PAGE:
Thursday, July 30, 2009

The Catechetical Value of Home Decor

When The Catholic Home: Celebrations and Traditions was published in 2004, one reviewer accused me of reducing Catholicism to colored place mats. (Like that was a bad thing?)

If I were more mature, I'd no longer be cheesed off by that snarky comment. I'm not more mature. Even worse, experiences since then have made me fairly triumphalistic about the catechetical value of home décor. Yesterday's encounter with the plumber is a fine example.

After writing out an invoice for my latest skirmish with the garbage disposal, the plumber handed it to me and said, "I notice you have a lot of religious stuff around here." Yes, I do.

I practice what I write, so my home is filled with religious artifacts I've collected and received as gifts. My home is painted in colors that prompted one visitor to exclaim, "Wow, this is like walking into a Byzantine icon." There's lots more -- arranged in what I hope is a tasteful and visually pleasing way.

Well, turns out the plumber had been raised Catholic, educated in Catholic schools, did the altar boy thing, no longer goes to church, and recounted it all with exasperated affection. I listened, laughed in the right places, mentioned how I view church as being much more than a building. The plumber told me about his sense of Christ's presence. And so forth and so on for twenty minutes that, thank God, were not added to the invoice.

Over the years, I've had similar conversations with guys who have trooped through The Hermitage to clean lint out of my dryer vent; inspect my damp basement; deliver a washing machine; figure out why certain electrical outlets weren't working. I never start these conversations about faith and religion; my décor does.


  1. Lest we forget: If it weren't for Protestants, there wouldn't even be any Catholics!

  2. I am laughing and laughing - what a great post and a reminder of an event long ago.

    I used to have two friends who had a very -um, how do I say this, liturgical style home. One of the highpoints was an old,gorgeous stained glass window of St.Cecilia, originally in a convent in PA and purchased by them from an architectural salvage place in Philly.

    When they redid their kitchen, they wanted to use it as a skylight of sorts on a slightly slanted section of ceiling and have a light that would shine on it at night.

    In their effort to hire a contractor, most of whom scoffed at most of what they proposed ("a floor that looks like a medieval Cathedral in Spain" or "walls with a finish one might find in an Italian monastery" and endless tiles of saints collected over many visits to countries where such things come from) an Irishman came in.

    No longer churched, he was bowled over by it all and wanted to do it all, most especially because he "loved that holy picture!"

    I will have to email you some photos of my wall of saints from my former home. Being single had its advantages...


  3. Having been a guest in the Hermitage, (I have often thought of pitching a tent in you luscious garden). I know exactly why your home sparks conversation. It has little to do with the painted walls and icons, and more with the overwhelming presence of Christ. Your home, as I’ve stated many a time, is a loving sanctuary where one feels so safe and open to the Word.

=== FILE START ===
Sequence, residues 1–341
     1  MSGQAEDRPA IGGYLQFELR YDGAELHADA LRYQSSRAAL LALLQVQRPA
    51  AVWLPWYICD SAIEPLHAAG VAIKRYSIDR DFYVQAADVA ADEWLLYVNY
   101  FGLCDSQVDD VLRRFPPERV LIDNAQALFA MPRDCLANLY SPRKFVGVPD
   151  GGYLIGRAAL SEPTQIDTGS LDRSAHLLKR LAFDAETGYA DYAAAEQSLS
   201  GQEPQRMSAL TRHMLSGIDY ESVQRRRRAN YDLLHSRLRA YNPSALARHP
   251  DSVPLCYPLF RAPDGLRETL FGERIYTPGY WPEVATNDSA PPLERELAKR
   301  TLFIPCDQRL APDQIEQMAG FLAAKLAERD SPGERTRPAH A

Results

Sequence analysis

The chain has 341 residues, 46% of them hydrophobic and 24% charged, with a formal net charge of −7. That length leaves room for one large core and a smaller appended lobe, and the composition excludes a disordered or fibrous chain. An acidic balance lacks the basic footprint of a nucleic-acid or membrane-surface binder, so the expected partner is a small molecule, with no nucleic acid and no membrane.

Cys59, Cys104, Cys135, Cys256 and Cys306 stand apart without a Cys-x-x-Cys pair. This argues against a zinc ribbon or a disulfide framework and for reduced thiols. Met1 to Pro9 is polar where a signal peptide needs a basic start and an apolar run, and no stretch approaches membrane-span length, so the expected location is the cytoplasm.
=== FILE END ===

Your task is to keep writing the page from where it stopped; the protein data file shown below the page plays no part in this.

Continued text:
Be it the colors on the wall (which are so magnificent, I copied for my home to my overwhelming delight), the religious icons, or the feeling of calm, whatever prompts the conversation. Remember “Wherever two or more gather in my name….“
    On a side note, I ’v thought long and hard about this… I think should bless the deck with a Labyrinth made from potted plants. Just a thought. Peace be yours this glorious day.

  4. Great post - and it does not have to be a "Catholic" issue: what is displayed in a home, even the books you have lying around, says much about where your heart is. And that language of behavior speaks far more loudly than words.

    May God richly bless your visual stand for Him.

  5. Our homes are outward reflections of what and how we feel inside. That is why it feels so good to come home after a hard day's work or even a vacation. Having recently returned from a 6 week journey through Eastern Europe, including my ancestral home, I am truly grateful for the security I find in the many Jewish symbols adorning the walls and tabletops throughout my house. There can be no mistake about who I am and it makes me both humble and proud. Home decorating is another life-affirming act Christians and Jews share and can respectfully appreciate in each other.

  6. Meredith,
    My basic decor, as you can imagine, is metal box with metal wall locker inside. I have raised the bed on blocks so I can a a green and camo footlocker under the bed along with three sizes of camo back packs. And, of course, my roomie and I have matching rifles and other accessories. But for whatever reason, they gave us velour bedspreads when we moved in. They make it easy to make the bed, but the colors. Mine is a very deep purple. My platoon sergeant's is buttercup yellow. My roommate got steel gray.

    Who would have thought the Army would supply the purple velour bedspread that is the only color in my room--besides green, sand, and black.

  7. Wow, Sgt., treasure that purple velour bedspread. It's going to come in very handy during Advent and Lent. You might want to check if the RCC Chaplain would like to borrow it for those liturgical seasons.

  8. Oh, what a great post ... and how I can relate! It's like a Mary convention in my house. The BVM is everywhere. Plus there's a crucifix, and a framed photo of the stained glass at our church, and ... well, it's much like your house, it seems.

    I haven't yet had a religious conversation with a plumber, but I think it's just a matter of time.


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